Aims and Objectives: The intake of Stachys sieboldii MIQ. has been associated with
relieving inflammation and maintaining optimal gut health function. We investigated the diversity
and composition of microflora in feces of S. sieboldii MIQ.-fed mice. In addition, we evaluated the
production of major cytokines (Interleukin-6 and -10) related to inflammation and fatty acid
composition of several tissues.
Materials and Methods: 16S ribosomal DNA sequencing-based microbiome taxonomic profiling
analysis was performed using EzBioCloud data base. The total RNA from the mesenteric lymph
node was isolated and then synthesized with prime script 1st strand cDNA synthesis kit.
Quantitative real-time PCR was performed on cDNA samples using the SYBR™ Green PCR
Results: Mice fed on S. sieboldii MIQ. showed significantly reduced counts of aerobic and
coliform in the feces compared with control. 16S rDNA sequencing analysis of fecal samples
showed that supplementation with S. sieboldii MIQ. increased beneficial intestinal microflora
(Ruminococcaceae and Akkermansia muciniphila) and decreased the community of harmful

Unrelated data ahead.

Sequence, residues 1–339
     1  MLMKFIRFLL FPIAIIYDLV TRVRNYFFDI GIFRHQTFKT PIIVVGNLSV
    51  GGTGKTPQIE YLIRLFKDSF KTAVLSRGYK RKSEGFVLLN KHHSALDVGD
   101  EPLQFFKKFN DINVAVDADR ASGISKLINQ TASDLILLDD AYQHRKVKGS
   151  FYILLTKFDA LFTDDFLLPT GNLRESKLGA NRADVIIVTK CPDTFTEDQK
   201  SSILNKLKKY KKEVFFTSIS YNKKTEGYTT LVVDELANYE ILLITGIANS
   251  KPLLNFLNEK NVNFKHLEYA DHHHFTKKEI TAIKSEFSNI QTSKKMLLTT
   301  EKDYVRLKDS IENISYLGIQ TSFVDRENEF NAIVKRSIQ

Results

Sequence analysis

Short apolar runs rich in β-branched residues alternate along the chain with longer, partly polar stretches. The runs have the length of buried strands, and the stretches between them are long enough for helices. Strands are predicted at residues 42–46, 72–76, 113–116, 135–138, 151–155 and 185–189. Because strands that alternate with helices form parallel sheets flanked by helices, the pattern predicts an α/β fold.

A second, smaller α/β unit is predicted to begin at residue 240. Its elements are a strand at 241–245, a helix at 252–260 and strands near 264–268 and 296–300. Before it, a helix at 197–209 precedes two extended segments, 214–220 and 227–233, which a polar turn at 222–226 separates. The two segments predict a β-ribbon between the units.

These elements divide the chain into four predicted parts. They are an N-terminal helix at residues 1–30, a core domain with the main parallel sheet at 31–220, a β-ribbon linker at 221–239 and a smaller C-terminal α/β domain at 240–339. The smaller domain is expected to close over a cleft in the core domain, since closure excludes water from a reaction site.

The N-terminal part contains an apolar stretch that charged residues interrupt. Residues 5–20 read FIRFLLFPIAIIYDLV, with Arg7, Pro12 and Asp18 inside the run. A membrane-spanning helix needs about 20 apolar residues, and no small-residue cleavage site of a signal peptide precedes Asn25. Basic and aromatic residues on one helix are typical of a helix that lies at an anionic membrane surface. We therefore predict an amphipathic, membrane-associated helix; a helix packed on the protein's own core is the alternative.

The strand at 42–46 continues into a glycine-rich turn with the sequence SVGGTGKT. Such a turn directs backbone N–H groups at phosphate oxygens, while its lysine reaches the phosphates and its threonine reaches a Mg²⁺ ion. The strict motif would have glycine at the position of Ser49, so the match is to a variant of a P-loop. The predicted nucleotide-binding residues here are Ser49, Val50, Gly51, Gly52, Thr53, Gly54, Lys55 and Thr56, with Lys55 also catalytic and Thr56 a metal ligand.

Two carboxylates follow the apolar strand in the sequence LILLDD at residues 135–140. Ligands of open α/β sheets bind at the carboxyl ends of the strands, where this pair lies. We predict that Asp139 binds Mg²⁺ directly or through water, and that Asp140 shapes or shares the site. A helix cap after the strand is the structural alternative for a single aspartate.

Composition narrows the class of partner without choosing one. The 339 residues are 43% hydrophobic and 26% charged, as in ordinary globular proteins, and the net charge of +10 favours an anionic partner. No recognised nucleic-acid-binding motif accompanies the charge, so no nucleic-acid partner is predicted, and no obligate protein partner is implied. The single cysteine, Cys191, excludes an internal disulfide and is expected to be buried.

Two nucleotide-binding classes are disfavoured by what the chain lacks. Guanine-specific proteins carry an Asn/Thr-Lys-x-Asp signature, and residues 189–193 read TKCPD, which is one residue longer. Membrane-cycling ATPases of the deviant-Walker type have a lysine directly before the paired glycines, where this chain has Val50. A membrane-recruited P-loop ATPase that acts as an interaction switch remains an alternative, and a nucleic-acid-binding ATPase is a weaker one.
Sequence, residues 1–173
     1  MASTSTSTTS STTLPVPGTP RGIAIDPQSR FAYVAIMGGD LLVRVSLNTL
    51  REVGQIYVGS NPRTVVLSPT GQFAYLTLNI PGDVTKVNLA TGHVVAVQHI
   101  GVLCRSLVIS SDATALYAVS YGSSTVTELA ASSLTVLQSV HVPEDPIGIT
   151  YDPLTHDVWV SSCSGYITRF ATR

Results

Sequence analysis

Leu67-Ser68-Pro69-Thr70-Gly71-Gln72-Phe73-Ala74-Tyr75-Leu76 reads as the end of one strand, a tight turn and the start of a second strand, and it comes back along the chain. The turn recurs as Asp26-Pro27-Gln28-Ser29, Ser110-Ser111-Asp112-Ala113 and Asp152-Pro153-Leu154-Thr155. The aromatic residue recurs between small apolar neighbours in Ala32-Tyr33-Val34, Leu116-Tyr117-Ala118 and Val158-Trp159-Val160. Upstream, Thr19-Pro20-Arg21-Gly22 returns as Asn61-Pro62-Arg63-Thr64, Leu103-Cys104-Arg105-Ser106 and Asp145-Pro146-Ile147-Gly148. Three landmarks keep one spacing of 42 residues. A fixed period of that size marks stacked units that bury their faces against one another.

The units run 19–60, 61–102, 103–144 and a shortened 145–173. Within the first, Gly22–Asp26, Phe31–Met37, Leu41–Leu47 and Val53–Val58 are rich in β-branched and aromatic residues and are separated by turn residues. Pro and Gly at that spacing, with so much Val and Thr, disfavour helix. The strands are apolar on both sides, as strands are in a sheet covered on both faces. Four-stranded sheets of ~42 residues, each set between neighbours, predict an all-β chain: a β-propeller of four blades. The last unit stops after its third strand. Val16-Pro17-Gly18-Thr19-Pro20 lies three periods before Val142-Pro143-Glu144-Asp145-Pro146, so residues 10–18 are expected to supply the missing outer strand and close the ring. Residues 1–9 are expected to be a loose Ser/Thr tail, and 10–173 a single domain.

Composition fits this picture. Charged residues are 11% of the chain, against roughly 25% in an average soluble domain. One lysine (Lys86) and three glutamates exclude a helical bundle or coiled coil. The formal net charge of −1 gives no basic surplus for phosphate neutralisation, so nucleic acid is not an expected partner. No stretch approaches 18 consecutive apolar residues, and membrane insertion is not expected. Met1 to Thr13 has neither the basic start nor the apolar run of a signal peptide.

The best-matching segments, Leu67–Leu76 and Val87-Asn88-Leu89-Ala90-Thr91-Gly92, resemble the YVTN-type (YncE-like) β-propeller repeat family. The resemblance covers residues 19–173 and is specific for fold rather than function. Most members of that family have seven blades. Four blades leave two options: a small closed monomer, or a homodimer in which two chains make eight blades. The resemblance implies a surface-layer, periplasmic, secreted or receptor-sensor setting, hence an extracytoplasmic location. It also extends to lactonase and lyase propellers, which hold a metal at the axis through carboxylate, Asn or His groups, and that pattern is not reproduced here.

microflora (Enterobacteriaceae, including Escherichia coli and Bacteroides sp.) in feces compared
with that in the control (P<0.05 for all). Mice showed a significantly lower mRNA expression of
cytokines IL-6 and IL-10 in mesenteric lymph node compared with that in control (P<0.05). The
fecal fatty acid composition in the S. sieboldii MIQ. group showed a higher percentage of 6:0 and
18:2n-6 compared with that in the control group (P<0.05). The percentages of 6:0 and 20:3n-6 fatty
acids were also significantly higher in the intestines of S. sieboldii MIQ. group (P<0.05). No
differences were revealed between the two groups in terms of the percentages of total saturated,
monounsaturated, n-6 and n-3 polyunsaturated fatty acids found in feces and tissues.
Conclusion: The present results showed that supplementation of mice with S. sieboldii MIQ.
increased beneficial gut microflora and decreased harmful microflora. Moreover, lower mRNA
expression of pro-inflammatory cytokine IL-6, and anti-inflammatory cytokine IL-10 in the
mesenteric lymph node of supplemented mice might be associated with the lower abundances of
harmful fecal microflora.